Few people know the state natural area as well as park ranger Jesus Rubio, who grew up in nearby Leakey and has worked for Texas Parks and Wildlife Department for 20 years. During a recent hike up the canyon, Rubio pointed out patches of green maidenhair fern and small openings in the canyon walls that leach moisture and cool air.
"You can walk into some of these canyons," Rubio says, "when it's 100 degrees up on the flats and immediately feel the drop in temperature. The maples are very adaptable and prolific.
Because of the canyonlands' microclimate effect, the park contains numerous species of plants and animals of both eastern and western affinity, as well as rare species endemic to the Balcones Escarpment. Found here are the unusual Texas madrone tree, three kinds of buckeye, witch hazel (common in Mississippi), six different kinds of oaks, Texas mock orange and sycamore-leaf snowbell whose white clusters of flowers bloom in late September.
The park's birdlife reflects Lost Maples' location in the North America's central flyway, as well as its diversity of habitat that includes grasslands and scrublands; mixed evergreen and deciduous escarpment woodlands; and streamside woodlands. Birders from around the world visit the park to catch a glimpse of the endangered golden-cheeked warbler and black-capped vireo, as well as specialty birds such as the green kingfisher and zone-tailed hawk.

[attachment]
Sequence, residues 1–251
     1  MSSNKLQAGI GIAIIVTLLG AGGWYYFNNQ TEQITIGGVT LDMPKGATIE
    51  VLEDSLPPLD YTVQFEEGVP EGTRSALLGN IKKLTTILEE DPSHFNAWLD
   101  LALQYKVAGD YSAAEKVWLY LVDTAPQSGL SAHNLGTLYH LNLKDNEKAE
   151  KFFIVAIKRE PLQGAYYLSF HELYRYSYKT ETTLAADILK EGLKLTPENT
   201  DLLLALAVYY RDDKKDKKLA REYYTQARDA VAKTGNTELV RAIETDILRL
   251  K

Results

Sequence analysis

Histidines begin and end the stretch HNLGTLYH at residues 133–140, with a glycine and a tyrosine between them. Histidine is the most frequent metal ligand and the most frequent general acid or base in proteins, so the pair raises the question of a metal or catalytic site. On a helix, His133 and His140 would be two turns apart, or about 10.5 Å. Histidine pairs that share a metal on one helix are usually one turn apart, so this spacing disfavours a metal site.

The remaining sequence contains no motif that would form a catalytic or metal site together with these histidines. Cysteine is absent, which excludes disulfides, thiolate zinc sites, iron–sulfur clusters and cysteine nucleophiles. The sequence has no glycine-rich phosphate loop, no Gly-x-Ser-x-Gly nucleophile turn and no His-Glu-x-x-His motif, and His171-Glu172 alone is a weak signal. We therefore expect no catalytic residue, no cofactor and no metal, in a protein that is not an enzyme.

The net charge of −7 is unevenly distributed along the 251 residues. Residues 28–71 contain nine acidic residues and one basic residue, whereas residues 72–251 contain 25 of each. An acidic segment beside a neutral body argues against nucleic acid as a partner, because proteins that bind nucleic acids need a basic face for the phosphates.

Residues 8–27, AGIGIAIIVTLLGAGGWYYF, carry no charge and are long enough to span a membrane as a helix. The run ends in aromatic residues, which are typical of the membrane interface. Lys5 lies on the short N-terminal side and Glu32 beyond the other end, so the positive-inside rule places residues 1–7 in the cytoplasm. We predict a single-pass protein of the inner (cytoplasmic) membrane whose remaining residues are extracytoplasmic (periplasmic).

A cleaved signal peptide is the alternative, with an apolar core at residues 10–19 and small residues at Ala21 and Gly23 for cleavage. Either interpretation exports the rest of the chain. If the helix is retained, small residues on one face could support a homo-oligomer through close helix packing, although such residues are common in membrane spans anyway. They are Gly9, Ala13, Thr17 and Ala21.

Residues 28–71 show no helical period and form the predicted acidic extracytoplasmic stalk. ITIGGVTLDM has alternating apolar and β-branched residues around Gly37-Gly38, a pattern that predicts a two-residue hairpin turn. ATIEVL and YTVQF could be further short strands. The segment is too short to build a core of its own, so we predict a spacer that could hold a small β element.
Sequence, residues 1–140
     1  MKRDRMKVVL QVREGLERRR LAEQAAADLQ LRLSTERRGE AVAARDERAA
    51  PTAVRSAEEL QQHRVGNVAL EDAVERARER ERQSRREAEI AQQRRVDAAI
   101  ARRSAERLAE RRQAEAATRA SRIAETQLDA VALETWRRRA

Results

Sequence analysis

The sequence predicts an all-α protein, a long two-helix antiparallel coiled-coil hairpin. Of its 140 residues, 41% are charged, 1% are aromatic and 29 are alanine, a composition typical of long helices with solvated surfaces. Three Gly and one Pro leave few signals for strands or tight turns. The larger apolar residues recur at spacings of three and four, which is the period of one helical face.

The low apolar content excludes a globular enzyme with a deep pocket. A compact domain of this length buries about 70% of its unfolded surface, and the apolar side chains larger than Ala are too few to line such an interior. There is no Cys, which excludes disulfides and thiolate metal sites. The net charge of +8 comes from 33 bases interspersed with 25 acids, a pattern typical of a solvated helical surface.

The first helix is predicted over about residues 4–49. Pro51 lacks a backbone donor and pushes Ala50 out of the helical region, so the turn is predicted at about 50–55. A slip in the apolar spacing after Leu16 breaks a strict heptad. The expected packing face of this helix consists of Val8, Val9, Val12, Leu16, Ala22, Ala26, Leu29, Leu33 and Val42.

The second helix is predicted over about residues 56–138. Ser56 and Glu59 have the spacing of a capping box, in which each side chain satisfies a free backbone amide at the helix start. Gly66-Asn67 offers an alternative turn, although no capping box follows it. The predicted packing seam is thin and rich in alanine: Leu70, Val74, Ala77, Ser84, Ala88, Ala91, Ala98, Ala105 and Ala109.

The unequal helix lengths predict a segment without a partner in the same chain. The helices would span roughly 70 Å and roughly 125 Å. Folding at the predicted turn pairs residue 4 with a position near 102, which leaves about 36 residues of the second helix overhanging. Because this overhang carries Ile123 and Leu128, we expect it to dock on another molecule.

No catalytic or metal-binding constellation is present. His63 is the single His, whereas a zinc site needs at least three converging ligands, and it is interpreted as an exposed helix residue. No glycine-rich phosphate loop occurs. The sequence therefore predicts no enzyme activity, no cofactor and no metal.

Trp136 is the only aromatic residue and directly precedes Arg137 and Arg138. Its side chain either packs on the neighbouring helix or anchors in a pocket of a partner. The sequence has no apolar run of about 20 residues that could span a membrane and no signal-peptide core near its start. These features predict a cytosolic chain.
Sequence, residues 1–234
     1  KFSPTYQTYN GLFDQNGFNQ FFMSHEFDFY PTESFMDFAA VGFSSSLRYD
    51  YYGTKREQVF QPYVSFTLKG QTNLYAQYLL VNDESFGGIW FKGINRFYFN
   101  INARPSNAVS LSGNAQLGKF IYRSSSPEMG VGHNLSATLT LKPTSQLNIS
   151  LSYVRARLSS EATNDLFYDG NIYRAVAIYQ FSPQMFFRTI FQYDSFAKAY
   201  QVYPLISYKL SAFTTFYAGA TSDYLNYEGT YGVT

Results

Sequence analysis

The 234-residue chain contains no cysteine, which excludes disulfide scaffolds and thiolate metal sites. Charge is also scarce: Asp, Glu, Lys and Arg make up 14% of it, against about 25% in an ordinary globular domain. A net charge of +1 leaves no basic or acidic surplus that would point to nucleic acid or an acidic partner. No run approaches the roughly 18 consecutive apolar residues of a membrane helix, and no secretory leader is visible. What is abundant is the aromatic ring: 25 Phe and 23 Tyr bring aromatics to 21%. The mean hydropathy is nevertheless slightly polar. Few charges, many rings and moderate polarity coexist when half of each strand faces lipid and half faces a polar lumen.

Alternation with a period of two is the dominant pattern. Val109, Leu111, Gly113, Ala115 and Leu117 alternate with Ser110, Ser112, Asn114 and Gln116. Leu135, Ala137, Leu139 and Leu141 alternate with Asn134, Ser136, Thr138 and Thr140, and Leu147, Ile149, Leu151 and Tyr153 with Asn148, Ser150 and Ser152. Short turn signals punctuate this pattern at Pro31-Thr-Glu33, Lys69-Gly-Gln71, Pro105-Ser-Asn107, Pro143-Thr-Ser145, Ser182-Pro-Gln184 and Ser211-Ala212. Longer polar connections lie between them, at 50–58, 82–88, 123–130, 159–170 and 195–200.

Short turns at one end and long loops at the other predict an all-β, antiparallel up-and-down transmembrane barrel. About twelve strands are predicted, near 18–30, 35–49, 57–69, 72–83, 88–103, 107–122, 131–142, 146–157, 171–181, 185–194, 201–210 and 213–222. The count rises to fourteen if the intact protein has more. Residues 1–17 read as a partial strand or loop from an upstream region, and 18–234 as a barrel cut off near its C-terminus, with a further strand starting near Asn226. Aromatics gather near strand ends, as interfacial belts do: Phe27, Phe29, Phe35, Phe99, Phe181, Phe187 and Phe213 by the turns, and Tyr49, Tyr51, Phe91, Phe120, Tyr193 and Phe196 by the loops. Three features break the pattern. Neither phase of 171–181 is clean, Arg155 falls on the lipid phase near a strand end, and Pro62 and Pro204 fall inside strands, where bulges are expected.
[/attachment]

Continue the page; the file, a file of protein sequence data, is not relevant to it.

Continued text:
Water-and-electric campsites are at a premium at Lost Maples SNA. The 30 campsites, which also feature in-ground barbecue pits and shaded picnic tables, book up 11 months in advance for the peak fall foliage period. Other times of the year, booking reservations early is recommended.
In keeping with Lost Maples' state natural area designation, the park has limited development and facilities. However, young and old alike can enjoy nature photography, hiking, camping, bird watching, backpacking, fishing and swimming.
The day use-only park entry fees for persons 13 and older are: $5 from December through September and $6 for October and November. Those staying overnight, pay a $3 entry fee. Hike-in campsites are $8 a night and water-electric sites are $15.
Other things to do while visiting the canyon country near Lost Maples State Natural Area include: tour the Lone Star Motorcycle Museum (open Friday-Sunday); drive scenic FM 337 between Vanderpool and Medina and stop at overlooks; visit the Love Creek Cider Mill Store in Medina; eat at the Lost Maples Café in Utopia; and stop at Bandera County's more than 20 wildlife viewing sites along the western branch of the Heart of Texas Wildlife Trail.
Lost Maples State Natural Area is located about an hour's drive southwest of Kerrville and five miles north of Vanderpool on Ranch Road 187. It is one of 112 state parks that make up the Texas State Park system. For more information about the park visit the Lost Maples State Natural Area web site.
Article by Rob McCorkle